Oil Prices Steady as Russia Eases Fuel Export Ban - 25 September, 2023 07:30 AM
Harold Hamm Calls for Consistency In U.S. Oil and Gas Regulation - 25 September, 2023 07:30 AM
Biden Handed Major Legal Defeat in Attempt to Restrict Oil, Gas Drilling in Gulf of Mexico - 25 September, 2023 07:30 AM
New Oil and Gas Rule Would Provide Pathway for CO2 Utilization - 25 September, 2023 07:30 AM
Macron Says France to Ask Oil Industry to Sell Fuels at Cost - 25 September, 2023 07:30 AM
Siliciclastic Reservoirs of the Middle East Call for Posters
Expires in 12 days
4th Edition: Stratigraphic Traps of the Middle East Call for Posters
Expires in 127 days
2nd Edition: Geological Process-Based Forward Modeling AAPG Call For Abstracts
Expires in 212 days
Worldwide oil and gas exploration results took a major hit from reduced investment and the ongoing COVID pandemic last year. Cautious industry spending and overall selectivity over prospects likely reduced discoveries to their lowest annual level in 75 years. Here’s the recommendation from one industry analyst for 2022’s global exploration and supply outlook: Stay chill for now.
In the IEA’s “Net Zero by 2050” report, which outlines a comprehensive pathway for a global transition to zero emissions by mid-century, the agency states that much of the technology needed to make a timely transition has not yet been developed. Emerging technologies, such as improved battery storage, low-carbon hydrogen production and carbon capture utilization and storage, show “encouraging” progress, but the world significantly lags behind in power generation and end-use sectors, specifically industry, buildings and transport.
Thanks to continuing advances in reservoir characterization, technology and innovative thinking, many oil fields around the globe have “grown larger” in recent decades. John Sneider, president of Sneider Exploration Inc., documented examples of mature field growth 20 years ago and recently revisited the topic to focus on mature giant fields. This updated analysis is detailed in chapter 4 of the new AAPG Memoir 125: “Giant Fields of the Decade: 2010 – 2020.”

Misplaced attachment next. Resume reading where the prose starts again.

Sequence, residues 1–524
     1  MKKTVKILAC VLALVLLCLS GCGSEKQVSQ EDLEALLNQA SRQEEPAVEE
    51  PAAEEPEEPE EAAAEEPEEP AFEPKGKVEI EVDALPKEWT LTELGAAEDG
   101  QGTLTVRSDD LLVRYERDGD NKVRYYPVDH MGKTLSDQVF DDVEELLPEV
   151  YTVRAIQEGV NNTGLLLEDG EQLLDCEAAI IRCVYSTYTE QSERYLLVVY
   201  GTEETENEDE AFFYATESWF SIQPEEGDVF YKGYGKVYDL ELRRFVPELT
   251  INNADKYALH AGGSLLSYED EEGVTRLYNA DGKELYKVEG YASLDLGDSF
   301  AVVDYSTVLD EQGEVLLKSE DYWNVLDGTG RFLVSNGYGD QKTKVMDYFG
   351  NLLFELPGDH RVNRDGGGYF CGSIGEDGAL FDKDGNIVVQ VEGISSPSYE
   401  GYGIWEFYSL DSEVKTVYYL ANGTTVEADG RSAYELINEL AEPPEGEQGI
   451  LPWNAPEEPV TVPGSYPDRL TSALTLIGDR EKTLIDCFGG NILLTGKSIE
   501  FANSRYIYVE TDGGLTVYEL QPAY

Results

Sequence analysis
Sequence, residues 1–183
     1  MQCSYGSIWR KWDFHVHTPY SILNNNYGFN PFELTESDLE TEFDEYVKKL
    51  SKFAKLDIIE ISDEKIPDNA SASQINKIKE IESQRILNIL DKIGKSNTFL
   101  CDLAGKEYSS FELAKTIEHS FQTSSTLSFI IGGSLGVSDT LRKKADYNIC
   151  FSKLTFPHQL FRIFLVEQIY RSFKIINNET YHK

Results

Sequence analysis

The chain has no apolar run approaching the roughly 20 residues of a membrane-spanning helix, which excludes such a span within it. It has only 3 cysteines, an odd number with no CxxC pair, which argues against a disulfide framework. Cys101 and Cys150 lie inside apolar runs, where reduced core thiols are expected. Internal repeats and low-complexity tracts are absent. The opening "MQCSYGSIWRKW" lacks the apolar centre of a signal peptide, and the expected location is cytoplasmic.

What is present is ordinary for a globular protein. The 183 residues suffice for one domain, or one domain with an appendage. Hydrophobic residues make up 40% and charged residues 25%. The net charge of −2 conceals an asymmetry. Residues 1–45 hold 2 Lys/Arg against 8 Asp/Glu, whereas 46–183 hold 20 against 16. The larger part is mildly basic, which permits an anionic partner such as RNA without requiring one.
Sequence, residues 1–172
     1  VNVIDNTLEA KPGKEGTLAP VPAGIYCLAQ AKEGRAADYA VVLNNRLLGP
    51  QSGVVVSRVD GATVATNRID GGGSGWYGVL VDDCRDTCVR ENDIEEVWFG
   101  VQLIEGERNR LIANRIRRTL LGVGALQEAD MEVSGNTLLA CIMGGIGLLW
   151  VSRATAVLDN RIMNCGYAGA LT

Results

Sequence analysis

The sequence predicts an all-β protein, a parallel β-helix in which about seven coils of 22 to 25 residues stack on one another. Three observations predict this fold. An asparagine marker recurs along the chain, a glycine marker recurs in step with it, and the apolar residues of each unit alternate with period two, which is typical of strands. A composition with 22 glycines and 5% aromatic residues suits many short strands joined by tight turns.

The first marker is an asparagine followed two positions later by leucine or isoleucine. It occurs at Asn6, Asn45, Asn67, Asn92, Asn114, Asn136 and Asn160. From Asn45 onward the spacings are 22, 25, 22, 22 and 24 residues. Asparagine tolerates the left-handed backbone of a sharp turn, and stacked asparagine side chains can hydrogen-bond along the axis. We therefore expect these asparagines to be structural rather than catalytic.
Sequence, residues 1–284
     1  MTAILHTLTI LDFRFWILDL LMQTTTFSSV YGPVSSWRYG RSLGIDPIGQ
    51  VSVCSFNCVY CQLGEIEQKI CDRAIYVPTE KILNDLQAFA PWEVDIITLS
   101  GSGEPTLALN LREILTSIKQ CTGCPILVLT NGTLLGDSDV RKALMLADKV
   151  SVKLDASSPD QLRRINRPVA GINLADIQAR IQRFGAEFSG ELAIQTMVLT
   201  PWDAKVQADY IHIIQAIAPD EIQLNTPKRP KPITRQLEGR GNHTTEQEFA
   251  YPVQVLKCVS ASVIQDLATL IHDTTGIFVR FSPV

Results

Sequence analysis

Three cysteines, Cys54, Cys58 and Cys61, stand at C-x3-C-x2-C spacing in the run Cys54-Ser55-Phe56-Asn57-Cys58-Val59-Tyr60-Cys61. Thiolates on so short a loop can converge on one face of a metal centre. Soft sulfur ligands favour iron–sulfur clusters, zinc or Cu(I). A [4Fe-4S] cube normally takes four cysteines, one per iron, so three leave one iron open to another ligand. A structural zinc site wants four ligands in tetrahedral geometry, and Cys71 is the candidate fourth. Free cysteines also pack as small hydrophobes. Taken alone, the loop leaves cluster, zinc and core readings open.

There is no denying there are massive changes happening around the world today, seemingly as a reaction to the emergence of the COVID/Wuhan virus. However, while the virus might be a catalyst of change, other factors are in play too. Many leaders around the world seem to share in the sentiment expressed by the founder and executive chairman of the World Economic Forum, Klaus Schwab, who recently wrote, “The changes we have already seen in response to COVID-19 prove that a reset of our economic and social foundations is possible,” in the interest of promoting the WEF’s proposed “Great Reset” of the global economy.
Last month Houston hosted the 23rd World Petroleum Congress with more than 5,000 attendees from 70 countries. After a one-year postponement due to the global pandemic, energy leaders from across the globe gathered to discuss the future of energy. And the tone of the discussion was sobering. Following on the heels of November’s COP26 meeting in Glasgow, there was recognition that political and societal pressures are shifting the energy sector and the industries in it. But there was widespread concern that the expectations underlying these pressures for change were unrealistic. That those pushing hardest for change lacked a fundamental understanding of what transforming the global energy sector truly entailed, what it would look like when it was complete and the dangers looming from getting it wrong.